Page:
Still, Irvine has rated his chances of winning the championship as 50/50. Ferrari will work hard to offset not having its star driver on hand, team sporting director Jean Todt said. Michael Schumacher's talent, Todt said, makes the car a few fractions of a second per lap faster than any other driver would be capable of turning.
"We will be concentrating on both the Drivers and Constructors Championships," Todt said. "Losing one key element of the team does not help, so we are going to try to (compensate) by improving the car." So can Irvine take up the challenge?
"Eddie has done very well since the beginning of the season," Todt said. "Time will tell. He has to show us what he is able to do. He will not have Michael to worry about for the time being, so I just hope that he can do the best job possible."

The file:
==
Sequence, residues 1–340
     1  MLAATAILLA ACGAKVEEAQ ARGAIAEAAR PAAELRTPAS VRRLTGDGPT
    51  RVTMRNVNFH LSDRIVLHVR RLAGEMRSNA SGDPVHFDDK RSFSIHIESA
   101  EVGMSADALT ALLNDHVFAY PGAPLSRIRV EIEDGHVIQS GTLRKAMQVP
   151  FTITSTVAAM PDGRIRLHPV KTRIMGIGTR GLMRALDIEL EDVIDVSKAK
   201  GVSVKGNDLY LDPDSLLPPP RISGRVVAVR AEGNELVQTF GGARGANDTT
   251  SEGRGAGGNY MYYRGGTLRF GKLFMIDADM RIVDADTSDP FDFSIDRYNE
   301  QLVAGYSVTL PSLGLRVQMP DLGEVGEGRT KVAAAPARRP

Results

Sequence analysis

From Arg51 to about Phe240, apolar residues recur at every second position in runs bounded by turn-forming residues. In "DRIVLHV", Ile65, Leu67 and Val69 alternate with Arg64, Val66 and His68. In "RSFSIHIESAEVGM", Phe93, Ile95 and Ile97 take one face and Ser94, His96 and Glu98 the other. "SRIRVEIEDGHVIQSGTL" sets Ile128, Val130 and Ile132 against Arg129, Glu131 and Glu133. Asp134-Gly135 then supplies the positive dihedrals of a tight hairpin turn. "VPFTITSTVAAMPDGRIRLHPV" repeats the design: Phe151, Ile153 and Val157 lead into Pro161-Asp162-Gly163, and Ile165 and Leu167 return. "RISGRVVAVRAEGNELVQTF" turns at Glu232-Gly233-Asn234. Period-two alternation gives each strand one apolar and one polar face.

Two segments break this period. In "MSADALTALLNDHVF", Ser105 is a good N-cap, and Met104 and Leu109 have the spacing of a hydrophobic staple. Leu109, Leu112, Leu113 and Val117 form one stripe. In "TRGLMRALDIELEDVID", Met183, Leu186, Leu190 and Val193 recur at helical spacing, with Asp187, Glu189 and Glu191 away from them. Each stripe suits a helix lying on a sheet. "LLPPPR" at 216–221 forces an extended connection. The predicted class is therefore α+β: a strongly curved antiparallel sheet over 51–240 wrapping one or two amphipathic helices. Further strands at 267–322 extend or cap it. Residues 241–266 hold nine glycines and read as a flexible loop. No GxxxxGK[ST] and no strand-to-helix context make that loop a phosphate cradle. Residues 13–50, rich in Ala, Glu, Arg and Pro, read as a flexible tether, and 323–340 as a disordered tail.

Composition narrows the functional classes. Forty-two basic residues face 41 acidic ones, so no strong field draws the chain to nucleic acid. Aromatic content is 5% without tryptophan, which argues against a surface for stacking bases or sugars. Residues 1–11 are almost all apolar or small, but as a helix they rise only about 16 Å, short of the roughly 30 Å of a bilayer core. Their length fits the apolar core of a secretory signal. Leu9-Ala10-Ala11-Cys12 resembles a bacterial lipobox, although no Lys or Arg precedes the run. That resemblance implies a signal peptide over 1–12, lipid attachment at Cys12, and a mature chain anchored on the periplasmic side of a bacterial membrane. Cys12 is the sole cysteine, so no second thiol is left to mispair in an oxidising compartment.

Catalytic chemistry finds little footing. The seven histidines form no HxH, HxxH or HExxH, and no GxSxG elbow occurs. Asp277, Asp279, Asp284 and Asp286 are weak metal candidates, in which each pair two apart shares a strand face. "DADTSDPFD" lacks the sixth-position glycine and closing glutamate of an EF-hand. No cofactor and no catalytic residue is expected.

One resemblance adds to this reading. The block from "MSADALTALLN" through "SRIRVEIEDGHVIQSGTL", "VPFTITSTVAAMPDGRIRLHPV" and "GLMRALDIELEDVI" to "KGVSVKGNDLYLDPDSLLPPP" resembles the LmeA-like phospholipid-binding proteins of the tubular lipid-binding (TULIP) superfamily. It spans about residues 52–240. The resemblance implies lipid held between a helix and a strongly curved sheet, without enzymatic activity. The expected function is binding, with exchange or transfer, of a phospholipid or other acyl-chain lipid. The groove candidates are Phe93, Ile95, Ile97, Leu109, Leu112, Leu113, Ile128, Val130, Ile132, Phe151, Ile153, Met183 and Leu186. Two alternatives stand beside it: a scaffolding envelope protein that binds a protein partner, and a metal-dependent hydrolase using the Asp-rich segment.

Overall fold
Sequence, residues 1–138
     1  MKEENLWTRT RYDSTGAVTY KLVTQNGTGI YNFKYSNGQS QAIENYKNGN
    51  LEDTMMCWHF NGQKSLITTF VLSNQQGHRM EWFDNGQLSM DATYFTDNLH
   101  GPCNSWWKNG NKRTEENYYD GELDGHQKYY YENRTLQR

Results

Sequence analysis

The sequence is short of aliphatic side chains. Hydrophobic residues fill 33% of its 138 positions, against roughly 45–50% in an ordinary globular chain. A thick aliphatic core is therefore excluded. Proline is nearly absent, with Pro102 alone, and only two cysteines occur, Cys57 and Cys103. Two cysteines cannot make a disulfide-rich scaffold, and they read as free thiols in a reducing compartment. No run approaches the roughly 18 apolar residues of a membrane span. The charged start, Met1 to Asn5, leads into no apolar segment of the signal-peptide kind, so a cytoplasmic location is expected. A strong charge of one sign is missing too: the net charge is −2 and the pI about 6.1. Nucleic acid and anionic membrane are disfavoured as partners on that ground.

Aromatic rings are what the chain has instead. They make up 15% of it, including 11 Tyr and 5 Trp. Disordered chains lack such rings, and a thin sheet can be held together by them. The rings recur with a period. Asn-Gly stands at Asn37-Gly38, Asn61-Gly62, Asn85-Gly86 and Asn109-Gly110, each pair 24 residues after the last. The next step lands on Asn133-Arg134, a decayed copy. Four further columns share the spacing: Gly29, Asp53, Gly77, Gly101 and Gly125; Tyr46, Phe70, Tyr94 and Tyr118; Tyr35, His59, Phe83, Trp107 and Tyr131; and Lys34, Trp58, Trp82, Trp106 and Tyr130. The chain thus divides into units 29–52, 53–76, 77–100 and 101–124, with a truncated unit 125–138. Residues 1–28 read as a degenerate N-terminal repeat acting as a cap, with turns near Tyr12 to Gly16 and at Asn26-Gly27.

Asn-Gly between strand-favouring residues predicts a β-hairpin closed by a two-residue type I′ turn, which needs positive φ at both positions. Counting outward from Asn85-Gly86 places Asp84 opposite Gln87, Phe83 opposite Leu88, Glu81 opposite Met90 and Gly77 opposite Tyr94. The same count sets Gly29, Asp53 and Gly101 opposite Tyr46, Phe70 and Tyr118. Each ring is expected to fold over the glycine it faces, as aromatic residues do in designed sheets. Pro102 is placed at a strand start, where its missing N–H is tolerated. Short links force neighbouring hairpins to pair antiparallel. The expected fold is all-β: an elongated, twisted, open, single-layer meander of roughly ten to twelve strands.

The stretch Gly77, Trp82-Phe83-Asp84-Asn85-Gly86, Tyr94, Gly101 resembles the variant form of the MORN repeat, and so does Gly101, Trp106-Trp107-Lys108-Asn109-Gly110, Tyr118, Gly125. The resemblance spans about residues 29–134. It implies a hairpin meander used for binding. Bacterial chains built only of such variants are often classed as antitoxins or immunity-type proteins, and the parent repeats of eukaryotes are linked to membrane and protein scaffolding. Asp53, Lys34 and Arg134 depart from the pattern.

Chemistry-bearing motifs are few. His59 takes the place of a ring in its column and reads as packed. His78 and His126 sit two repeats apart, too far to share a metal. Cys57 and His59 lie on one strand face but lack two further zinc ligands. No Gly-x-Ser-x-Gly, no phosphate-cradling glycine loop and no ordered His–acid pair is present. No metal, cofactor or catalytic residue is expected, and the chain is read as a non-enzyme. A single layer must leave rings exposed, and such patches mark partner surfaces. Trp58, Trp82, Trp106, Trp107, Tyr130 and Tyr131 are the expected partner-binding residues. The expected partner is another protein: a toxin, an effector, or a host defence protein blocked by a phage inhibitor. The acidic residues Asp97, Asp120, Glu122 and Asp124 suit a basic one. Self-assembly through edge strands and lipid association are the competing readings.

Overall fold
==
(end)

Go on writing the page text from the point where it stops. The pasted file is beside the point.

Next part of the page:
Austria hosted Grand Prix races continuously between 1970 and 1987 on the daunting Osterreichring circuit. The 1987 race was won by Williams driver Nigel Mansell, who would go on to become the 1992 World Champion, finish second in the 1993 Indianapolis 500 and win the 1993 CART championship. F1 returned to Austria in 1997 to the same venue but the mighty
Osterreichring, now called the A1-Ring, had been shortened and modified to meet modern F1 safety requirements. Jacques Villeneuve, the 1995 Indianapolis 500 winner and CART champion, picked up where Mansell had left off by winning the race driving a Williams.
Last year, Villeneuve finished sixth in Austria and announced that he would leave Williams to join the new British American Racing team in 1999. So far this season, Villeneuve has yet to get his unreliable BAR-Supertec to finish a single race. He's the only driver not to make it across the finish line this year.